Some dislike this coupling of literature and fundamental ideas, missing the fact that every artist imparts a worldview into his work, even if unintentionally. Rand was clear, however, that the goal of her fiction was not to teach or proselytize ideas, but to capture and present man at his best—for the sheer enjoyment that she and readers could take from witnessing that ideal.
“The simple truth is that I approach literature as a child does: I write—and read—for the sake of the story,” wrote Rand.6 “The motive and purpose of my writing is the projection of an ideal man. The portrayal of a moral ideal, as my ultimate literary goal, as an end in itself—to which any didactic, intellectual or philosophical values contained in a novel are only the means.”7
Did she succeed in Atlas Shrugged? Find out for yourself—if you’re up for a long and deeply absorbing read.
The young architect Howard Roark wants to erect buildings “such as had never stood on the face of the earth,” but his innovative approach sparks resentment and resistance. Even the woman he loves works to undermine his career, believing people are too small-minded to accept his work—or to deserve it. But he will build or die, even if that means putting up gas stations in the middle of nowhere while his inferiors win prestigious commissions to erect towering structures.
The Fountainhead shows us a man who thinks for himself and accepts nothing he can’t make sense of. For instance, early on, the dean of Stanton Institute tries to drill into Roark the idea that “everything beautiful in architecture has been done already” and that architects “can only attempt, respectfully, to repeat.”8 “But I don’t understand,” replies Roark.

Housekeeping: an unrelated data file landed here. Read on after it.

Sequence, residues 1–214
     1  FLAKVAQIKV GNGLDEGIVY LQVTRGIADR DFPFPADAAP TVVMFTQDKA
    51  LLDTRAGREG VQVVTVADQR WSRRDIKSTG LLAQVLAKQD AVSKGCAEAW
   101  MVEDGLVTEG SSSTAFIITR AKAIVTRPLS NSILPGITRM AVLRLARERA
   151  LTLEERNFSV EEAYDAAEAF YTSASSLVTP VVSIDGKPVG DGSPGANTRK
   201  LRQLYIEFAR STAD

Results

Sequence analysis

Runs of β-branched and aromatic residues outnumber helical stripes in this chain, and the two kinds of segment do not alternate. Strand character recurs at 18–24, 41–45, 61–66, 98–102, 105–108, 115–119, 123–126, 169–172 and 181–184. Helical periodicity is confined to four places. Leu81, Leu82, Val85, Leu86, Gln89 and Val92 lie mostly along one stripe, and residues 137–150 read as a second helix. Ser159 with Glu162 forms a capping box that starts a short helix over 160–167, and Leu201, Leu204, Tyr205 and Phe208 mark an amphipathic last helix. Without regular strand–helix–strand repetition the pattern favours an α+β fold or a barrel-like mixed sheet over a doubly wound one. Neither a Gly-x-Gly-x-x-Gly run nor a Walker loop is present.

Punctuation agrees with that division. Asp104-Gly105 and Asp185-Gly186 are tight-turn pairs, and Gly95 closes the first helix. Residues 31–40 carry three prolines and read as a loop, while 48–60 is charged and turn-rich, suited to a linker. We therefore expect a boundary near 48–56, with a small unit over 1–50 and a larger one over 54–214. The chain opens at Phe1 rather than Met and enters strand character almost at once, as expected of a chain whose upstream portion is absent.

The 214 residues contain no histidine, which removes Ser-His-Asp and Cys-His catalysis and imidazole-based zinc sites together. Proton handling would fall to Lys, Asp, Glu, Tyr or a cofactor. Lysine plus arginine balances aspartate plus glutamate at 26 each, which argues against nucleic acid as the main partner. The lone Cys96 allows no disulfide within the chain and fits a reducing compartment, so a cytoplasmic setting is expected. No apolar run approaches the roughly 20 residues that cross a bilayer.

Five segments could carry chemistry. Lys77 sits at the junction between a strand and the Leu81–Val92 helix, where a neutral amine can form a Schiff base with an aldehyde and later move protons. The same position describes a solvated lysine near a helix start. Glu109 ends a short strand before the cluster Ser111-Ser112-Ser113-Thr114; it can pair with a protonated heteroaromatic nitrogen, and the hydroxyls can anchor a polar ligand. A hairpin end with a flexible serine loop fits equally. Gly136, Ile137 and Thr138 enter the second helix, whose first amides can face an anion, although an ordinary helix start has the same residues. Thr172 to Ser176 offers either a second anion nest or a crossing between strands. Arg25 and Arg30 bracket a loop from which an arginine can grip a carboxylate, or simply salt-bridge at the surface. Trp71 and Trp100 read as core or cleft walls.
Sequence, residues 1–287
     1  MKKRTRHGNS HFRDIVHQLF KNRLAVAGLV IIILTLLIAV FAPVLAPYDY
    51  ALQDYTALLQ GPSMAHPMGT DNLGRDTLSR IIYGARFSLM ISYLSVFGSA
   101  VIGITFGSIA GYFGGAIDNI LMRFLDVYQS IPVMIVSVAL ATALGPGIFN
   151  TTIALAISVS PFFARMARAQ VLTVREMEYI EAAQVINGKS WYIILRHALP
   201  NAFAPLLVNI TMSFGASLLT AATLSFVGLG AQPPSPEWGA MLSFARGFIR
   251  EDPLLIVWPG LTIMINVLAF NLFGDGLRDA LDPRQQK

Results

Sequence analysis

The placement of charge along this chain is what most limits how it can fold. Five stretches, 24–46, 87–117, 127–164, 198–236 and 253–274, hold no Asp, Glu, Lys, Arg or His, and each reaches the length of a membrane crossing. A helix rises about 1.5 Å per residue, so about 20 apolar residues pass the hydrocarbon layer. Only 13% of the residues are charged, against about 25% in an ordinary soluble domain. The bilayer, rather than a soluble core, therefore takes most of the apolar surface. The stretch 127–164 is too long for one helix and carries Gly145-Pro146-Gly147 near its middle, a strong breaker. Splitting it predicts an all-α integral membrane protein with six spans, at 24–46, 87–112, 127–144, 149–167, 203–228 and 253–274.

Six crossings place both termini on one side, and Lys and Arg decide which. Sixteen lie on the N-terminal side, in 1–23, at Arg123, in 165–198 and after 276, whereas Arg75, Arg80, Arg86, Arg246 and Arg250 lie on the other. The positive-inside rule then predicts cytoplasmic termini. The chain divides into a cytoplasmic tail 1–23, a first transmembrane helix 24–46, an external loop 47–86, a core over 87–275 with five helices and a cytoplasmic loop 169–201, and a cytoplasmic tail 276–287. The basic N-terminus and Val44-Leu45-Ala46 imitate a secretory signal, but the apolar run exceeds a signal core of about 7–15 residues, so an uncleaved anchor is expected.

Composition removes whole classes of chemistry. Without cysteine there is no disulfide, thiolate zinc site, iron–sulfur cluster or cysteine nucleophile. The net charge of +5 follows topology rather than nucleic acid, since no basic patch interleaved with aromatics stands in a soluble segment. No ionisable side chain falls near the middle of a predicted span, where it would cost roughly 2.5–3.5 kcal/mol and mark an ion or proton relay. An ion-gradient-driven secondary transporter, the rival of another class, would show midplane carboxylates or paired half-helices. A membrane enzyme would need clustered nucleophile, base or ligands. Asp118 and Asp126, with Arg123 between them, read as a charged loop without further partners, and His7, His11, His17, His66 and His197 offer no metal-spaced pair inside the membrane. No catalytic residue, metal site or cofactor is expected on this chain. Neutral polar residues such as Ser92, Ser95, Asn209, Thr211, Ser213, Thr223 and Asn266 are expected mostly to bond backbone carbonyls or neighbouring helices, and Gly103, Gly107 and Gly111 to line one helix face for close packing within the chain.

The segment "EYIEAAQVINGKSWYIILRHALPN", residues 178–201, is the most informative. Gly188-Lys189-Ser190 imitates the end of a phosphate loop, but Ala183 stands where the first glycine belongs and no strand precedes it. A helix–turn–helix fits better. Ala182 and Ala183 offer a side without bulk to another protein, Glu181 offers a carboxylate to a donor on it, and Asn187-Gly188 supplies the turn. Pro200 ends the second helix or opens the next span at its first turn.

I have, let’s say, sixty years to live. Most of that time will be spent working. I’ve chosen the work I want to do. If I find no joy in it, then I’m only condemning myself to sixty years of torture. And I can find the joy only if I do my work in the best way possible to me. But the best is a matter of standards—and I set my own standards.9
For many, myself included, The Fountainhead is Rand’s most inspiring story, capturing the ethos of creators from Galileo and Beethoven to Thomas Edison and Steve Jobs. At its most fundamental level, it conveys the conflict between “individualism and collectivism, not in politics, but in man’s soul.”10 Although narrower in scope than Atlas (which it preceded by some fourteen years), it is also more personal. Whereas Rand’s other novels focus on societies in decay, the focus of The Fountainhead “is on man’s capacity to achieve and succeed as an individual,” said Rand’s longtime student, friend, and heir, Leonard Peikoff.11 And although not a mystery like Atlas, its seven-hundred-plus pages still fly by with suspense.
So if you’re looking for a motivating story about courage, perseverance, and independence, The Fountainhead is where you should start. It’s the novel I most frequently recommend.
We the Living
Originally published in 1936 when Rand was just 31, We the Living is her most autobiographical novel. The plot is fiction, but the background is the communist Soviet Russia wherein Rand came of age before escaping to America. At a gathering shortly before she left, a young Russian said to her, “When you get there, tell them that Russia is a huge cemetery and that we are all dying.”12 With We the Living, she did just that.